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Power Plant Mercury Emissions Poisoning the Great Lakes. By Climate Guest Contributor on June 8, 2012 at 11:17 am "Power Plant Mercury Emissions Poisoning the Great Lakes" Swanksalot, via Flickr by Thom Cmar, via NRDC’s Switchboard This week we released a report, Poisoning the Great Lakes: Mercury Emissions from Coal Fired Power Plants in the Great Lakes Region, which highlights the impacts of mercury emissions from Great Lakes power plants on the people, fish, birds, and wildlife of our region.

Power Plant Mercury Emissions Poisoning the Great Lakes

EPA recently issued new nationwide Mercury and Air Toxics Standards that require power plants to cut their mercury emissions by 90% on average, as well as to make similar cuts to their emissions of arsenic, lead, acid gases, and other toxic air pollution. Our report focuses on the 144 coal-fired power plants in the Great Lakes region, and names the 25 worst emitters, which were responsible for putting over 7,000 pounds of mercury into the air in 2010. Mercury is a dangerous brain poison that doesn’t belong in our Great Lakes. Dirty Business. The year of Blankenship comes to an end. The ousting of Don Blankenship from his position as CEO of Massey Coal at first glance appears like the toppling of an icon of "old-coal.

The year of Blankenship comes to an end

" But there may be cooler calculations at play, according to Jeff Goodell, author of the recent profile of Massey in Rolling Stone, Goodell's scathing portrayal of the embattled, highly divisive West Virginia coal executive, The Dark Lord of Coal Country, was published one week prior to his surprise resignation on December 3 after pressure from the company's board of directors. In his article, Goodell, a consulting reporter on the documentary Dirty Business, chronicles the myriad misdeeds committed during Blankenship's nearly two-decade reign as West Virginia's "undisputed king of coal.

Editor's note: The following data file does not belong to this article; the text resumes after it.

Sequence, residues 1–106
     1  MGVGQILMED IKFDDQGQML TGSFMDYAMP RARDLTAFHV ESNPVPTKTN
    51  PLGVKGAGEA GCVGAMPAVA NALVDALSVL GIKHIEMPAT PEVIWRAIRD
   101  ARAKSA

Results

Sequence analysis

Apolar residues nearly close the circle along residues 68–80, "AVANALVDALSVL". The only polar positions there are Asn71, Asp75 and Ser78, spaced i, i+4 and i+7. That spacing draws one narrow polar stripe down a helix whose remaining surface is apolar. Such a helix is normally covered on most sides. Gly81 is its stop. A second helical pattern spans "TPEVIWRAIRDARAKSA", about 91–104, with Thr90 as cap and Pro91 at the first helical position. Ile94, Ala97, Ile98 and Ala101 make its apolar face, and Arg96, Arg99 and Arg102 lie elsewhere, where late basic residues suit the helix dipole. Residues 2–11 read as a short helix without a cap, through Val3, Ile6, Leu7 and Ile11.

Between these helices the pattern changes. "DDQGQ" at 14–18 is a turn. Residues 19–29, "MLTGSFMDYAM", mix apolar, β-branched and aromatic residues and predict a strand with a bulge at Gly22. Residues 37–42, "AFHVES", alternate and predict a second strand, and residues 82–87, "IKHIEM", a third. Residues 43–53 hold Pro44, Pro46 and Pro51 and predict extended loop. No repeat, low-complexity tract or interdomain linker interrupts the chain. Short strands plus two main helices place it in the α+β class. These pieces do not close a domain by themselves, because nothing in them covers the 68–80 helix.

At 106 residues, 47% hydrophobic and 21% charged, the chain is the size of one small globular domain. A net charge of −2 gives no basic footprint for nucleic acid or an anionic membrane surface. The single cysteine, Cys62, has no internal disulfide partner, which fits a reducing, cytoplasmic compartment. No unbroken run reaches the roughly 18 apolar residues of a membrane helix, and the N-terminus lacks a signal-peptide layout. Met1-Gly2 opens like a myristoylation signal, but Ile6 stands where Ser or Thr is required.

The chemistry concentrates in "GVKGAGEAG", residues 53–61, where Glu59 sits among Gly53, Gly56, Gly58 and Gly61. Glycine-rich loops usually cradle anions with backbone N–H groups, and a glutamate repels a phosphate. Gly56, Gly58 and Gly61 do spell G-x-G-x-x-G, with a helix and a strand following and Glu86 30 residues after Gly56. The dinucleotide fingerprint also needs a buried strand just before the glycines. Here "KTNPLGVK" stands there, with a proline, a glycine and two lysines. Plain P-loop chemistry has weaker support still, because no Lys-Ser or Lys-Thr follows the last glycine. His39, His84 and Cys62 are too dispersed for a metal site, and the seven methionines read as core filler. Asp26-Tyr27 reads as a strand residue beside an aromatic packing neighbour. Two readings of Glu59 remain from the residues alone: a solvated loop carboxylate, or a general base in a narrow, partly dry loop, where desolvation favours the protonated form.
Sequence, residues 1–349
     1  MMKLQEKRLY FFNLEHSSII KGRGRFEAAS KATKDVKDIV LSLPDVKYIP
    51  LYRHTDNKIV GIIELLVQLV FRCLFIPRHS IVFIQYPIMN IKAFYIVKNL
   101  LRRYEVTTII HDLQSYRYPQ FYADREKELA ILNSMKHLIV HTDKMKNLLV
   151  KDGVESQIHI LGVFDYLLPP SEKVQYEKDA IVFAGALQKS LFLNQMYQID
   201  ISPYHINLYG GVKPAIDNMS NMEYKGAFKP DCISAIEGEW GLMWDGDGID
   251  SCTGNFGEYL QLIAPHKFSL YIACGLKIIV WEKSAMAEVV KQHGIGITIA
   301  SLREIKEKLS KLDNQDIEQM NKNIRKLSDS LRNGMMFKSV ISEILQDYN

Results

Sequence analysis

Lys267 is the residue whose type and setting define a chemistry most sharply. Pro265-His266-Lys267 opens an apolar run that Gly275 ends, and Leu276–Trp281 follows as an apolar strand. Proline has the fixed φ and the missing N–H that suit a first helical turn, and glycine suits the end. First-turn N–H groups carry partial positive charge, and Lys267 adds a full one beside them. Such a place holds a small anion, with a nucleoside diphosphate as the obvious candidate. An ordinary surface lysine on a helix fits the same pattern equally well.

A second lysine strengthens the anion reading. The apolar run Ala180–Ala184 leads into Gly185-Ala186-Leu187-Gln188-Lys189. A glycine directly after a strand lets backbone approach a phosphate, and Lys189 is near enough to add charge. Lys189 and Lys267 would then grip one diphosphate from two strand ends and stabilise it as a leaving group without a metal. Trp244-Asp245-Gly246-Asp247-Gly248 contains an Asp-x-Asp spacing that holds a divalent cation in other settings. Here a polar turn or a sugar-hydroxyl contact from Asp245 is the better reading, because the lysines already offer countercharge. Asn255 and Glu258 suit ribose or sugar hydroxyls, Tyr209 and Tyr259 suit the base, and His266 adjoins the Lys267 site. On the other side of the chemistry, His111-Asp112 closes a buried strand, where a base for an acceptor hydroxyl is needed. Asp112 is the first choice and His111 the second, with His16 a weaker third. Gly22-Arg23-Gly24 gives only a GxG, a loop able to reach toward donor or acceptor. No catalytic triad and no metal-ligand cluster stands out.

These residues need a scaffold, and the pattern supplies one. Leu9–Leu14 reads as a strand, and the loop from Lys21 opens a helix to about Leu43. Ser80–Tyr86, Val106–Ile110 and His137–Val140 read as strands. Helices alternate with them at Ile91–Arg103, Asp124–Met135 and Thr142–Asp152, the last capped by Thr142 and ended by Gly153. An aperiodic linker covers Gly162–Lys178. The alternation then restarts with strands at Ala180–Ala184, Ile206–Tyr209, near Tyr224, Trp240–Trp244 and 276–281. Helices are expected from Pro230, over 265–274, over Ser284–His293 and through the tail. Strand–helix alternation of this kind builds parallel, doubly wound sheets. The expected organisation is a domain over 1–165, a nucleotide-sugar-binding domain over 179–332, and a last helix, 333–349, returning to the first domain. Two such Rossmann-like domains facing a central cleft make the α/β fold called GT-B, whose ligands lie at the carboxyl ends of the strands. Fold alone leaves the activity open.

" Blankenship directed Massey with brutal efficiency, Goodell writes, developing a reputation for crushing rivals, busting unions, and lavish spending to purchase political influence. Coal mining communities in Appalachia will forgive a lot of things, Goodell notes. The Dark Lord of Coal Country. After a Strong Counterattack, Big Coal Makes a Comeback by Jeff Goodell. 09 Nov 2010: Opinion by jeff goodell The coal industry — perhaps the least entrepreneurial, most politically-connected business in America — likes to present itself as a hapless collection of hard-working guys just trying to keep the lights on.

After a Strong Counterattack, Big Coal Makes a Comeback by Jeff Goodell

In the run-up to last week’s election, the industry skillfully played up the idea that it was under siege by out-of-control federal bureaucrats, including a president unsympathetic to the idea that burning more coal is the surest route to a healthy economy. In the weeks before the election, I saw banners in several West Virginia towns that said “Stop the War on Coal” and, my favorite, “Legalize Coal.” Luke Popovich, a spokesperson for the National Mining Association, went so far as to accuse the Obama administration of carrying out a “regulatory jihad” against coal.

Of course, the idea that the Obama administration is on a mission to kill coal would strike many energy and environmental activists as something like the inverse of the truth.